Disinformation is intentionally false or inaccurate information that is spread deliberately. It is an act of deception and false statements to convince someone of untruth.
We love our own doctors, but in reality they don’t always have time to read all the studies themselves and most will admit that they often rely on information provided to them through professional journals, drug representatives and professional contacts. Some even get discounts to sell you a specific product or incentives to prescribe a specific product to you.
When the FDA approves a drug, the pharmaceutical company submitted an application with clinical evidence that the drug does what it says it is supposed to do and is basically safe. This evidence comes from testing the drug on animals and then in small trials on humans. The birth control methods approved by the FDA do prevent pregnancy, but what are their true risks? There are a lot of unknowns about a drug’s side effects until after it enters the market and more people start using it.
The FDA has a surveillance program, which asks for reports from the drug manufacturer and voluntary input from health care professionals and consumers on the “real world” adverse affects. Somewhere between 1% and 13% of adverse events are actually reported to the FDA.
Studies are confusing. One study says this; another study says that. Who are you to believe?
We’d like to ask you to consider using information from studies that show the highest incidents of adverse reactions because this is the information that will give you the clearest picture of the worst that can happen. The studies that show the least risks are often funded by the drug manufacturer. The problem with some of the use of studies is that some people don’t mind if 12 women per 10,000 women (for example) have a really bad reaction (such as death, deep vein thrombosis, thrombosis in other parts of the body, pulmonary embolism, hypercoagulation, or a stroke), but your husband or boyfriend, your children, your parents and your friends will care that it is YOU. Those 12 (or more) women are the cost that the drug company is willing to pay to continue to sell their product and make money from you or your friends. Those women mean nothing to them.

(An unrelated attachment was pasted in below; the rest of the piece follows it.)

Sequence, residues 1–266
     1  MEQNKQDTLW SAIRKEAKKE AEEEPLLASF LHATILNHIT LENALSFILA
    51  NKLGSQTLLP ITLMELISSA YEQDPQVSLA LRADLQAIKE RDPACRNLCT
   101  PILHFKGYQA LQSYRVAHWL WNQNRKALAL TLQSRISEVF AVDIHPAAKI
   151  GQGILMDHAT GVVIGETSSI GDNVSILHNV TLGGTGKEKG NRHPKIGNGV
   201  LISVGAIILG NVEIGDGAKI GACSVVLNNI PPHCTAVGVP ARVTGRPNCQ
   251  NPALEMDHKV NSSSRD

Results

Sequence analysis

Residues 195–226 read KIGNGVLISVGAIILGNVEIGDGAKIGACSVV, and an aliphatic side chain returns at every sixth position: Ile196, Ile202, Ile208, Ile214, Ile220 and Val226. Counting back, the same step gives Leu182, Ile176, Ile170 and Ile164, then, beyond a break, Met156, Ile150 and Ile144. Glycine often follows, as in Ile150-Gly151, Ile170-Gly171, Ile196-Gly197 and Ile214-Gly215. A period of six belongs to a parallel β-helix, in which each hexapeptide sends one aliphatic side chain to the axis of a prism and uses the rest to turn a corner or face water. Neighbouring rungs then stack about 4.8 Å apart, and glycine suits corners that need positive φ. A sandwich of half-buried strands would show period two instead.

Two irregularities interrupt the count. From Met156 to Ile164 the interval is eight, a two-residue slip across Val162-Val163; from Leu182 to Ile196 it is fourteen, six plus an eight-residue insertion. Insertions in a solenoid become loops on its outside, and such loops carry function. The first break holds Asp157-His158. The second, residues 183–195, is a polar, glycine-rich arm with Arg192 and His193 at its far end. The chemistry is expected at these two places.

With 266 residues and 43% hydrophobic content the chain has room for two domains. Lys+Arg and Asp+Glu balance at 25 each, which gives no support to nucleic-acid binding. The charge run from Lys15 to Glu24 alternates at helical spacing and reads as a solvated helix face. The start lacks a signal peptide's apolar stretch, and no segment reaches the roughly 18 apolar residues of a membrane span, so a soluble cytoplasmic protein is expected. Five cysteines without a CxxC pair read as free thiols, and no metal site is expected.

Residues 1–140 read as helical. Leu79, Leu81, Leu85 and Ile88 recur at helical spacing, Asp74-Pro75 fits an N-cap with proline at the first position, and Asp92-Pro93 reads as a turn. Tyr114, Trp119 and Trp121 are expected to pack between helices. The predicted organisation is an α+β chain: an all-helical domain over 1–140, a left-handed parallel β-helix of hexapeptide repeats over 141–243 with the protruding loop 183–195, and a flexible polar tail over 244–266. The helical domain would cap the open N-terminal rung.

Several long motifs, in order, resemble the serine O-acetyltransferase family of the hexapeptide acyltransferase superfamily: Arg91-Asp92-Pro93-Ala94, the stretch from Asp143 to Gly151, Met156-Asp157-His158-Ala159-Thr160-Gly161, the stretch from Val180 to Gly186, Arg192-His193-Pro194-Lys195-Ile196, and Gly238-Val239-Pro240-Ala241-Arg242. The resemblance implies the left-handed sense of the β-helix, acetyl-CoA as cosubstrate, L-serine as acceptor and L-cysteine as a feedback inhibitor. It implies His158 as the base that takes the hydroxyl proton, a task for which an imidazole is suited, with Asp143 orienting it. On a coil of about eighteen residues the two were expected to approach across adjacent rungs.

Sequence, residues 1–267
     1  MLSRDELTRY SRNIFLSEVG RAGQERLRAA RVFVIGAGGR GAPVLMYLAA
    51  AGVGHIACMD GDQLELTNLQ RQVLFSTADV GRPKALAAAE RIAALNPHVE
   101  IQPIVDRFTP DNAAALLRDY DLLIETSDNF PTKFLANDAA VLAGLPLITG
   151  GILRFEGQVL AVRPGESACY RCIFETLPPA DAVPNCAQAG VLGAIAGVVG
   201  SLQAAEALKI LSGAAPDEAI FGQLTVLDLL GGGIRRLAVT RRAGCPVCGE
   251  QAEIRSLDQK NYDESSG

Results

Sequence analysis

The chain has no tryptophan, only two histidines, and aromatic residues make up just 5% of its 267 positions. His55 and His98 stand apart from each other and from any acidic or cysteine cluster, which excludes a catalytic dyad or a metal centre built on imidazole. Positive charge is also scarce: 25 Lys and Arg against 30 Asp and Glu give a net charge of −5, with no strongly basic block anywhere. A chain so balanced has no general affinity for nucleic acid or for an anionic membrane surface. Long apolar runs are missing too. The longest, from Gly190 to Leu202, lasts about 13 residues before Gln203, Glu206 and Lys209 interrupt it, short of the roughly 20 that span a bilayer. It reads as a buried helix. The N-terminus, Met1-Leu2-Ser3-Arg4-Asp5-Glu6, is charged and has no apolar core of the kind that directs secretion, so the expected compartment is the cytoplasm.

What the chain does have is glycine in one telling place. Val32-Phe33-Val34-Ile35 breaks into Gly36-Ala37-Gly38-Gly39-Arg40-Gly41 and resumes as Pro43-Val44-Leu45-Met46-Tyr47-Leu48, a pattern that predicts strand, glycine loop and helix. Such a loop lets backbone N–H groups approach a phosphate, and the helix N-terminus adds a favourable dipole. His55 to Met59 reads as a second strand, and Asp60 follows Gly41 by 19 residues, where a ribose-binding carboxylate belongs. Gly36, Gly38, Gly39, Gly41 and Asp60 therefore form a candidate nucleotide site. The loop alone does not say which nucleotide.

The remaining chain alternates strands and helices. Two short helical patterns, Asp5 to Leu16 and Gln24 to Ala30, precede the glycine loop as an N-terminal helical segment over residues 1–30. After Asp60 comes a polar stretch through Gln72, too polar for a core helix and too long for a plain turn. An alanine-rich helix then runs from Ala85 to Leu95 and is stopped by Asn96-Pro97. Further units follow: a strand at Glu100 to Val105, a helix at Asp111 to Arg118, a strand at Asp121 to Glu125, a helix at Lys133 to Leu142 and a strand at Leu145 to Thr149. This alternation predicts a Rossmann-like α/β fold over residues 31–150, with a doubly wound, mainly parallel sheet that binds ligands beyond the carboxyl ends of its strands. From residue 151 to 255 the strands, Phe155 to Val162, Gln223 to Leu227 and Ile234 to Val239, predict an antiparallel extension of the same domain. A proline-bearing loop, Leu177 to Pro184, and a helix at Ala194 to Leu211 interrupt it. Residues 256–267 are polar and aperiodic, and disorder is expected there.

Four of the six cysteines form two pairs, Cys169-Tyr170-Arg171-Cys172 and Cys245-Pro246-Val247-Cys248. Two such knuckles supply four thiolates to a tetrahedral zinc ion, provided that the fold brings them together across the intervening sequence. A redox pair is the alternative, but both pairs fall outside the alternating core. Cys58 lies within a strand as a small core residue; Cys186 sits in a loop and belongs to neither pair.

Don’t let statistics confuse you. It is true that your risk of blood clots is higher if you are pregnant or postpartum. You are not taking a birth control to get pregnant. You are most likely trying not to get pregnant. The reason the high risk of blood clots during pregnancy is used is that the medical community (and the pharmaceutical companies) want you to use some form of birth control. The higher rates for blood clots during pregnancy and postpartum are true. Unfortunately, this approach minimizes the risks taken when you use hormonal birth control that has higher risks. Our intent isn’t to scare you from using birth control. We believe you deserve to know the truth, so you can choose wisely. Don’t be afraid of birth control; just be careful about the birth control you decide to use.